SEATTLE -- Hard to say who's in more of a renaissance right now -- the Rays or Troy Percival.
In the last three years, Percival has been an out-of-gas flame thrower with a blown out elbow, an advance scout and, as of 14 months ago, a minor league coach.
Now, the supposedly retired closer is leading Tampa Bay toward the AL East title, a destination as improbable for him as it is for his team.
Carlos Pena hit his 21st home run, the 38-year-old Percival looked as dominant as ever while getting his 25th save and the Rays increased their lead in the AL East to 3½ games with a 5-3 victory over the Seattle Mariners on Friday night.
Tampa Bay's edge over second-place Boston is its largest since July 7.
Percival struck out two of the three batters he faced in a perfect ninth inning, blowing away Wladimir Balentien -- who had earlier hit a two-run homer -- and then pinch-hitter Willie Bloomquist to end save No. 25, in 28 chances. That's 17 more saves than he had from 2005-07.
Tampa Bay is 28-0 when he enters the game in a save situation. He has 349 career saves, eighth-most all-time.
Ask James Shields (10-7), who allowed three runs in 6 2/3 scrappy innings to get the Rays' eighth win in 10 games, how impressive Percival has been coming back and he laughs. Loudly.
"It's amazing, man," the 26-year-old Shields said of his fellow Southern Californian. "If I could throw half as good as he does when I'm 38, I'd be happy."
Not that's it's been as easy as it's looked.
"His arm feels good. The biggest thing is to keep the rest of him going," manager Joe Maddon said, also laughing.
Percival was the last man out of the training room later Friday night after helping his Rays improve to 24-29 on the road -- where 28 of Tampa Bay's final 47 games will be. He's been on the disabled list twice this season with hamstring problems.
When asked if he spends a lot of time in there these days, he cackled.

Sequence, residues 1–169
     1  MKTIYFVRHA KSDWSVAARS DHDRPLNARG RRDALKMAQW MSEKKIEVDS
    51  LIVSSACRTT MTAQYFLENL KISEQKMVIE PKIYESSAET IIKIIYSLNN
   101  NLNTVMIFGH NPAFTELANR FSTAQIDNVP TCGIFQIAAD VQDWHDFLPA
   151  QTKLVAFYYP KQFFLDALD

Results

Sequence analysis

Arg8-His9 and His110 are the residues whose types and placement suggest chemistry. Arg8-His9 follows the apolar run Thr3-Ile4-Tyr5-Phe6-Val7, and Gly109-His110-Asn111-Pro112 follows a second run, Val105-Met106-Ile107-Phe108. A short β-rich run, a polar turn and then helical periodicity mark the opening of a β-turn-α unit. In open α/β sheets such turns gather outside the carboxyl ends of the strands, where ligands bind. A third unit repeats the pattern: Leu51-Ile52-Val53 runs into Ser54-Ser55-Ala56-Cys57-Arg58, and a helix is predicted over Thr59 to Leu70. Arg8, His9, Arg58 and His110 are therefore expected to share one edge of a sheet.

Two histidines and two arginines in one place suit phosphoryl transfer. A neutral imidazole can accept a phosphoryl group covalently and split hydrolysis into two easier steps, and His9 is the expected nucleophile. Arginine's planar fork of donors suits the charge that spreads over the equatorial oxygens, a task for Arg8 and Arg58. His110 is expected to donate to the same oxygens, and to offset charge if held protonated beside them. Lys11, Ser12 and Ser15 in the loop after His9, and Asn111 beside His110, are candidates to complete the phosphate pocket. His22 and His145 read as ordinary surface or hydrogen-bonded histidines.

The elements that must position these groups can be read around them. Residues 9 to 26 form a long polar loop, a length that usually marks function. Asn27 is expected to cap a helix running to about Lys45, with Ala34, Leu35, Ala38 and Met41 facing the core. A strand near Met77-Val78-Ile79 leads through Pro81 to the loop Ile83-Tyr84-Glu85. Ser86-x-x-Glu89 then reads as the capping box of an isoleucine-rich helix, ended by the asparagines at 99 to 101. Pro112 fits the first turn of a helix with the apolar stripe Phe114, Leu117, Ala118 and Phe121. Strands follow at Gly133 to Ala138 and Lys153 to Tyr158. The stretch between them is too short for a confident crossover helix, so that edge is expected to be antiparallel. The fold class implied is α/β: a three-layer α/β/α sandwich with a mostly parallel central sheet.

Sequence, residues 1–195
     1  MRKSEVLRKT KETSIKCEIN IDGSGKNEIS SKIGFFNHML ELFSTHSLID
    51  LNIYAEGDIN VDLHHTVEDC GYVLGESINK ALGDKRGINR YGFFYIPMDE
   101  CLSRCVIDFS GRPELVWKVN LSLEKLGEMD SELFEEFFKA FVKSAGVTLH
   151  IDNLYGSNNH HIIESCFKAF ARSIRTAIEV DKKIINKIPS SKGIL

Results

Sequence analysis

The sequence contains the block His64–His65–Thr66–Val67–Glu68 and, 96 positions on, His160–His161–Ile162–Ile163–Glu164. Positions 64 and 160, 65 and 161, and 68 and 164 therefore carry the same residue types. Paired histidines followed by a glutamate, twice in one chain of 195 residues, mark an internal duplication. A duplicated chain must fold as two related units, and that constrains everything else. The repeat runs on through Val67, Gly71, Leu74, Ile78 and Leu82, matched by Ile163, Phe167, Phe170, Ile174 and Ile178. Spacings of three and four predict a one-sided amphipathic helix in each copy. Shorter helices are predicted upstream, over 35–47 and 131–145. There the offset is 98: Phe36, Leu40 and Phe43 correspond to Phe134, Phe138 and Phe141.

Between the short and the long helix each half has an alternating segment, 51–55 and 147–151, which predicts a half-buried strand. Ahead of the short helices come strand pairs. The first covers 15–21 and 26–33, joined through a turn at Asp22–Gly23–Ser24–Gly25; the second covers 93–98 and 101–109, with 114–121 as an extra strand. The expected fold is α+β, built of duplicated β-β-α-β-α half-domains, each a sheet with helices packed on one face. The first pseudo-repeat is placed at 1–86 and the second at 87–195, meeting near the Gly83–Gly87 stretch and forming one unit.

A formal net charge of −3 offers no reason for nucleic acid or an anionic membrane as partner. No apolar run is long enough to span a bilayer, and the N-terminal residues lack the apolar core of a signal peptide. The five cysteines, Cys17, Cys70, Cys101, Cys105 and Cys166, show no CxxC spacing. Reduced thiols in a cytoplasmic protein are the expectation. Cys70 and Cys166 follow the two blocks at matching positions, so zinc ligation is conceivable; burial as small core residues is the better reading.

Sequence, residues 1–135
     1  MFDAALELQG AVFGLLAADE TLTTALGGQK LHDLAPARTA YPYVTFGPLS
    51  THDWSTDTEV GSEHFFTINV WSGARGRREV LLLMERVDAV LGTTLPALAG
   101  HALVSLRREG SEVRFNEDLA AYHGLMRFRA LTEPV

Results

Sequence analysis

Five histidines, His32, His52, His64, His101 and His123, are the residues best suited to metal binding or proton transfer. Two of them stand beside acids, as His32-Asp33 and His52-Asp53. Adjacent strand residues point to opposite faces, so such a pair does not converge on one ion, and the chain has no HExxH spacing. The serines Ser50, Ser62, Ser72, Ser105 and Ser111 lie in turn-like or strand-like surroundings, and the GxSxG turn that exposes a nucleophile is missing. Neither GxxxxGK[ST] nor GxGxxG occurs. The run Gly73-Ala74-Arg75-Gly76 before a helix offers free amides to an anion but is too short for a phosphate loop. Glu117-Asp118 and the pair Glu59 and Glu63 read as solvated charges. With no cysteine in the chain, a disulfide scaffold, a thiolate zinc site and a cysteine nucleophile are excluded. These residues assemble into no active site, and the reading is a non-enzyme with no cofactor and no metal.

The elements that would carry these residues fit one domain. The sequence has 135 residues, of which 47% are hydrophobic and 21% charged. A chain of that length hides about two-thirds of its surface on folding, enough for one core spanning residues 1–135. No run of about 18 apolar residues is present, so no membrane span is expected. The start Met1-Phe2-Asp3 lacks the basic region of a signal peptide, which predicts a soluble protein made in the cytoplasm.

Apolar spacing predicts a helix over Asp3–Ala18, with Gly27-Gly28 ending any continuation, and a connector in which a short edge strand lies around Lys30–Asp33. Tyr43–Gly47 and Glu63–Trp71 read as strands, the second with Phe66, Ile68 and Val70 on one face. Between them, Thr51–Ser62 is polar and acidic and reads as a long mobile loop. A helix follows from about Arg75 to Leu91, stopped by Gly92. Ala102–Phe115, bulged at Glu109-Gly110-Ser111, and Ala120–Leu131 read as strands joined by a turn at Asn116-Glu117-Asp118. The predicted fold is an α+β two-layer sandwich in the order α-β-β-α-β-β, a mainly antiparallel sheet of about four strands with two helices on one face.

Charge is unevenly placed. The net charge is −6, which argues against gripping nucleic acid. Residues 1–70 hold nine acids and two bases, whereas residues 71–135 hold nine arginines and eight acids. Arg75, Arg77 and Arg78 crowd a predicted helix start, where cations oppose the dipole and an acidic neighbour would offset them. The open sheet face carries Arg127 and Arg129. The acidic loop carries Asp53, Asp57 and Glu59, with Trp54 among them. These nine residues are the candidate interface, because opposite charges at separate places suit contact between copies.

"Are you kidding me? It takes five innings to get ready to pitch one," Percival said.
He said he has to begin getting ready in the training room with stretching, lifting and agility exercises during the third inning if there's even a hint he may pitch the ninth.
"I'm not kidding. It's a lot," he said. "Used to be I'd grab a ball, throw the ninth inning and go home. Not anymore. It's a lot of work, but it's worth it to be with this team going where we are."
Tampa Bay is one victory from tying the franchise record of 70 wins in a season.
The recently surging Pena made up for the absence of Evan Longoria, the team's leader in home runs and RBI. Longoria is missing at least one day of his team's season-long, 10-game road trip because of a bruised hand.
Pena gave the Rays the lead in the second inning with his solo home run off Carlos Silva. He then singled home the final run of the decisive four-run third.
Silva (4-13) allowed eight hits and five runs -- four earned -- in six-plus innings to take the AL lead in losses. The Mariners sunk back to 26 games under .500 one night after stunning the Rays with a last at-bat home run.
The right-hander, signed to a $48 million, four-year contract as a free agent before Seattle's lost season, still has won just once since April 17.
"I don't care if we are 40 games behind, we should play better than this," Silva said, calling out position players for at least the third time this season. "I can talk about the starting rotation -- every time we cross the line we want to do our best. ... Maybe half of the team don't have that mentality."
Some of Silva's ire likely came from his defense giving the Rays half of their runs in the key third. With one out, No. 9 hitter Ben Zobrist, subbing for injured shortstop Jason Bartlett, singled. So did Akinori Iwamura. B.J. Upton singled home Zobrist to tie the game at 2. Then Carl Crawford hit a hard one-hopper that shortstop Betancourt snared, but Betancourt sailed his throw 10 feet over first base and into a camera well. The two-base error scored Iwamura and Upton to put the Rays ahead 4-2.
It was Betancourt's 17th error this season, most of any AL shortstop.
Pena then singled home Crawford to make it 5-2.
The Rays designated 38-year-old RHP Al Reyes for assignment after the game, to make roster room for RHP Chad Bradford's arrival Saturday. "It wasn't a surprise," Reyes said. Bradford was acquired off waivers from Baltimore Friday. ... The Mariners optioned RHP Jared Wells back to Triple-A Tacoma and recalled LHP Ryan Rowland-Smith from Tacoma to replace Miguel Batista in their rotation, beginning Saturday night. ... Tampa Bay is the sixth team dating to 1902 to be in first place on Aug. 8 or later after having baseball's worst record the year before. The 1991 Atlanta Braves were the only such team that ended the season in first place.